In a flawed opinion handed down in Carolina Casualty Insurance Co. v. Merge Healthcare Solutions, the Seventh Circuit ordered an insurance company to pay $3.15 million for attorney fees awarded to the plaintiffs who sued the company’s insured. Some shareholders sued Amicas, Inc. and its officers, who were insured by Carolina Casualty Insurance Co. under a D&O policy. The shareholders won a preliminary injunction halting Amicas’s merger with Thoma Bravo, LLC. Weeks later, the parties settled after Merge Healthcare, Inc. bought Amicas for $26 million more than what Thoma Bravo offered. Under the law of Massachusetts, where these shareholders sued, a plaintiff can recover amounts incurred in attorney fees out of the funds raised due to his efforts. Here, as the funds were raised in Merge’s more generous tender offer, the funds to be levied were the money of all shareholders. If Amicas’s shareholders had paid the attorney fees, Carolina’s policy would not cover them, at least because the policy does not insure the shareholders. Worried that paying the attorneys from the shareholders’ funds could derail Merge’s purchase, Amicas agreed to pay the fees itself. If Amicas had paid without Carolina’s consent, Carolina’s policy would not insure Amicas’s payment, because Amicas would have voluntarily assumed its shareholders’ liability.

Before Amicas agreed to pay the attorneys fees, it got agreement from Carolina that Carolina would insure “reasonable attorneys’ fees awarded by the court,” “subject to the Policy’s terms and conditions.” (Carolina’s agreement is eminently sensible: it funded Amicas’s defense, had a $26-million reason to believe that the lawsuit had merit, and thus wanted the litigation to end.) The Massachusetts court awarded the shareholders’ lawyers $3.15 million in fees, which equaled a lodestar of $630,000 multiplied by five. Carolina refused to pay for the $2.52 million added by the multiplier because the “loss” its policy covered did not include “the multiplied portion of multiplied damages.” Amicas sued, and the District Court of the Northern District of Illinois ordered Carolina to pay the $3.15 million in full.

The Seventh Circuit affirmed, giving three explanations: The court saw no reason to equate attorney fees with “damages.” Next, the court decided that the “loss” definition only guarded against the insured’s moral hazard, which the court distinguished from the risk the plaintiffs’ attorneys took in prosecuting the case. Last, the court deemed the $3.15 million equal to a percentage award of about 12%, which the court assumed would have been acceptable. Each of these explanations invites rebuttal.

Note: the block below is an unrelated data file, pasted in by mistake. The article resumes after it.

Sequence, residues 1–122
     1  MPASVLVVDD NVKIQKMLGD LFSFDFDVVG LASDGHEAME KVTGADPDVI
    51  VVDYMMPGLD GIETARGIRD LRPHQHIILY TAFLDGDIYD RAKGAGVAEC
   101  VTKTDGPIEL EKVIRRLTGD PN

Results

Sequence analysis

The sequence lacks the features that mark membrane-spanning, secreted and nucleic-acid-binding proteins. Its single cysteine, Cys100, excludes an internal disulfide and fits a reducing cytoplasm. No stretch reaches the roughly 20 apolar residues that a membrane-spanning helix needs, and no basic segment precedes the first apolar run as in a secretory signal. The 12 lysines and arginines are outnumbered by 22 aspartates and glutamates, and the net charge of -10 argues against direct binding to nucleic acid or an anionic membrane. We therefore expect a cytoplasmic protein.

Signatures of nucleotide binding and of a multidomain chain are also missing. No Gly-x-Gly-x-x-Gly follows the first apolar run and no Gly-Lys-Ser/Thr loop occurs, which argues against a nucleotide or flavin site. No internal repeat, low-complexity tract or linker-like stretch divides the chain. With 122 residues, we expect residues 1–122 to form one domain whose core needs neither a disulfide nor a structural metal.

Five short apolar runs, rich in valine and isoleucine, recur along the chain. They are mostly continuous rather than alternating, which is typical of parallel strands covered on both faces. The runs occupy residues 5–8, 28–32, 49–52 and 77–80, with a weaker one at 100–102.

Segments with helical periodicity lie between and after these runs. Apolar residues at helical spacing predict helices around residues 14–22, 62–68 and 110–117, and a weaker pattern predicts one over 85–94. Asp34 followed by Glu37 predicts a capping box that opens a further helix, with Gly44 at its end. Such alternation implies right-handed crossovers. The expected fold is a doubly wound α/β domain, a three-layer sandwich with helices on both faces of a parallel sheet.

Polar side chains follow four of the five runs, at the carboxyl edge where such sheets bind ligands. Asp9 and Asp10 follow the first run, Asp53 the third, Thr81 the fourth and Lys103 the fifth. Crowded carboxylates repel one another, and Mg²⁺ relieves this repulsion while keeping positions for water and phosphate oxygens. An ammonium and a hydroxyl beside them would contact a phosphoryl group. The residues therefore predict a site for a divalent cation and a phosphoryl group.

First, consider the nature of the $3.15 million from the insured’s viewpoint. The policy covered attorney’s fees that were part of the “Costs of Defense.” Plainly, the plaintiffs’ attorneys fees were not incurred defending Amicas, so if Carolina were to owe the $3.15 million, they must fall within another category of loss that the policy covered. The policy covered “damages,” and to Amicas, the $3.15 million were damages it paid on the shareholders’ behalf.

Second, remember that moral hazard is not insured for fear that the insurance may induce the risk-taking. Permitting insurance of multiplied fees may induce plaintiffs’ attorneys to sue insureds. Here, the lawyers were awarded a lodestar of $450 per hour for 1,400 hours worked. The federal courts have long presumed that the lodestar is the reasonable fee. They specifically refuse to multiply the lodestar for the purpose of compensating the attorney for his risk of losing because, if in effect you pay an attorney for the cases he loses, then you tempt him to bring unworthy lawsuits. Perdue v. Kenny A., 130 S. Ct. 1662 (U.S. 2010); City of Burlington v. Dague, 505 U.S. 557 (1992). By construing the D&O coverage to cover plaintiffs’ attorneys fees, the Seventh Circuit’s ruling makes companies juicier targets for lawsuits, even bad ones.

Last, it was inapt of the court to assume that if the $3.15 million award would have been appropriate if it were expressed as 12% of the fund. Consider the qualitative difference between fees if awarded as an enhanced lodestar and the exact same amount if awarded as a percentage of a recovery. Generally, courts are reluctant to grant percentage awards in cases that settle quickly. Untethered from any market value for the attorney’s time or the amount of time the attorney worked, a percentage award entices an attorney to settle a case prematurely. Here, for example, the shareholders’ attorneys requested a mere 19% of the fund: $4.94 million for a few weeks of work. The Massachusetts court refused. $26 million may seem a terrific result for the shareholders, but perhaps a few weeks’ more work might have led to an even better offer for Amicas. Even if 12% were an appropriate percentage in the abstract, in this case it was inappropriate to award any percentage of any number.

The Seventh Circuit’s opinion in Carolina Casualty Insurance Co. v. Merge Healthcare Solutions, Inc., No. 12-2275 (7th Cir. July 16, 2013) is here.